What to make of Sir Roger Gale? Is he the tame member of parliament for the Belize-owned Riveroak Strategic Partners? What is his obsession with RSP and with Manston about? What is his position NOW?
Gale has aimed to set the record straight on this just this week.
“I’ve been called the member of parliament for Riveroak, I’m not, I’m the member of parliament for Manston!”
Strange. Isn’t he supposed to be the member of parliament for North Thanet? Representing ALL the residents of North Thanet. We’ve long wondered why, as Paul Francis asks here, he’s been like a ‘dog with a bone’ over Manston.
Sir Roger, or Sir Riveroak as many call him locally, isn’t always so quick to deny that he has an intimate and strong relationship with RSP. In this video clip from the Save Manston Airport Group’s AGM in January 2016 (1.45 minutes into the clip) , Gale says:
” I know I’ve been called the member of parliament for Riveroak and I actually wear that as a badge of honour!”
As a member of parliament, Sir Roger is held to high standards. We are all entitled to hold him to those high standards. Telling the absolute truth about RSP and their proposals regarding Manston is the very least we can expect.
Gale has told residents time and again, very publicly on radio and TV, that there will be no night flights.
On his Facebook page, in a post, dated August 9 2016, Sir Roger, stated:
“To set the record straight RiverOak has confirmed that they have no plans to operate scheduled night flights…”
“…I for one would not countenance, and would not expect the Conservative Group on Thanet District Council to support, any proposal that involved scheduled night flying.”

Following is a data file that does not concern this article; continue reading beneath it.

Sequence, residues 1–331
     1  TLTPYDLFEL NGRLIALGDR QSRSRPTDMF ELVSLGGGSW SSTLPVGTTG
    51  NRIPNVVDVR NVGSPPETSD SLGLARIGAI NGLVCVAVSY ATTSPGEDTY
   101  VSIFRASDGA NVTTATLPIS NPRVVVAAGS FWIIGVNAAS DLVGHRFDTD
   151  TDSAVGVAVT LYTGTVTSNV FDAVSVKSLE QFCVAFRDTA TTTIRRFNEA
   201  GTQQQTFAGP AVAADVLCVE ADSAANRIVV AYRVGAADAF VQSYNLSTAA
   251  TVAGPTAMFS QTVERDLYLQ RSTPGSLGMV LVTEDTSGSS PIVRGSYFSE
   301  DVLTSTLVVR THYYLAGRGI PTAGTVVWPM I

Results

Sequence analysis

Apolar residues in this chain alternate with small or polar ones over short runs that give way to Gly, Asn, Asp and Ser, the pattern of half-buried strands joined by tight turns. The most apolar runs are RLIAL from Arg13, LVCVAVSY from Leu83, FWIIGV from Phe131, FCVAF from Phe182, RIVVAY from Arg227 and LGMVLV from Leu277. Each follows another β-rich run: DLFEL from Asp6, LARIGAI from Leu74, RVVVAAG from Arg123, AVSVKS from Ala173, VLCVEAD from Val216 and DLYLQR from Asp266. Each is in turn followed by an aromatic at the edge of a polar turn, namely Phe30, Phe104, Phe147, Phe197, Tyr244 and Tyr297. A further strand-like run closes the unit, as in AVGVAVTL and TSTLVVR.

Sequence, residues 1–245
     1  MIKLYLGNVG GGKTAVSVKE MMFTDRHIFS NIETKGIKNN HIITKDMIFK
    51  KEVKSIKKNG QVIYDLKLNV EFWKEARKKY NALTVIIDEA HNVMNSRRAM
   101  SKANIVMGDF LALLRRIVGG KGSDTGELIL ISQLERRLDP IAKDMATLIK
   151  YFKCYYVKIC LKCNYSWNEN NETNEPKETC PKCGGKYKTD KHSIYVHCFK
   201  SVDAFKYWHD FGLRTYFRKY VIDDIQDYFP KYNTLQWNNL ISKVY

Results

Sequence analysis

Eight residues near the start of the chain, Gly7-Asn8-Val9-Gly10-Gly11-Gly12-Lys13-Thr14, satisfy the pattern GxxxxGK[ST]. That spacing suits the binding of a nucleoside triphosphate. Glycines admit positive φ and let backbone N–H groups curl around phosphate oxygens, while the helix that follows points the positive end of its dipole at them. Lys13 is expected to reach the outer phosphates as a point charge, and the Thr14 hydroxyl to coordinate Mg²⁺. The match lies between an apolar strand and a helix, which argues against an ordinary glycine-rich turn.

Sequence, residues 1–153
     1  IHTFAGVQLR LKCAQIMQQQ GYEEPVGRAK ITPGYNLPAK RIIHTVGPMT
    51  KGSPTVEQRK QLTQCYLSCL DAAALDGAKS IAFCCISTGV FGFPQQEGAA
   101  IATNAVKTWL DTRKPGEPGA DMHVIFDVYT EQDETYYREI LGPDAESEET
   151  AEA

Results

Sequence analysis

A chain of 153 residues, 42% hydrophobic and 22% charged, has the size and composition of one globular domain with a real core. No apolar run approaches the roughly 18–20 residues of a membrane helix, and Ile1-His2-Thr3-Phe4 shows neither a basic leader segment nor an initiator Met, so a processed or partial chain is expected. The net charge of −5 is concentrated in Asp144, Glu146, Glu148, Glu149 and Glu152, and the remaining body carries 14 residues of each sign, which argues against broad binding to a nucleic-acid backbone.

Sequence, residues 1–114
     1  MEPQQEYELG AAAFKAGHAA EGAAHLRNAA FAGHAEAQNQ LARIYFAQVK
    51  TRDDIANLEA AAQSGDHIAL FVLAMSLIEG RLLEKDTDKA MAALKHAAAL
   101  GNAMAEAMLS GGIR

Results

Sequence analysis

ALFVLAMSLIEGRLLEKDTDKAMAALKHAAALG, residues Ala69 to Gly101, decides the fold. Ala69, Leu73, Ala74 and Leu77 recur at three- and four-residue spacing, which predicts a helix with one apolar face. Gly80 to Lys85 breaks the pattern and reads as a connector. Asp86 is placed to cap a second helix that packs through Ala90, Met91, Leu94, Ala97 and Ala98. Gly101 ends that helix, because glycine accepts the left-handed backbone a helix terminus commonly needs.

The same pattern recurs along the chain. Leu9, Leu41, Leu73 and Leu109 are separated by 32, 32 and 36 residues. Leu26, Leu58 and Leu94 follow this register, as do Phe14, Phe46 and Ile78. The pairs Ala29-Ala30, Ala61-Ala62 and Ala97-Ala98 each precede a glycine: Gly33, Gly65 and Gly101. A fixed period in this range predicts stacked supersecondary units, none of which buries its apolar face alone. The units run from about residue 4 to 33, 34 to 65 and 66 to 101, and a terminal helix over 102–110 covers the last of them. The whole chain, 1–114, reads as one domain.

In an interview with BBC Radio Kent, on 25th April, during the 2017 General Election campaign, he was questioned by presenter Maggie Doyle he was asked directly if freight would be flown in during the night. He answered:
“No, there is no proposal and no need to fly freight in at night.”
In the same interview, he added:
“The RiverOak Strategic Partnership has made it absolutely plain that they have no desire to fly planes in in anti-social hours, I am content with that.”
In RSP’s ‘clarification’ on their night time flying proposals, they continue to insist that they won’t schedule night flights but, at the same time, say that some non-scheduled night flights ‘cannot be ruled out’. They also state that they will accept what they call flights ‘carrying time-sensitive cargo with a very specific delivery window’. In addition, they say they will schedule up to six passenger flights between 6am and 7am which still falls within the accepted definition of ‘night time’ (11pm -7am).
Not so clear then. Quite contradictory, in fact.
In addition, what they have been very clear about is that they are not putting any limit on the overall numbers of night flights. The quota count, or noise budget, they have asked for exceeds that of Heathrow and what they have asked for would allow noisier planes that allowed to land at Heathrow.
Excuse us, Sir Roger, member of parliament for Riveroak or Manston, whatever? Doesn’t this all directly contradict what you have been so vocal in telling your constituents and the wider public for many years now?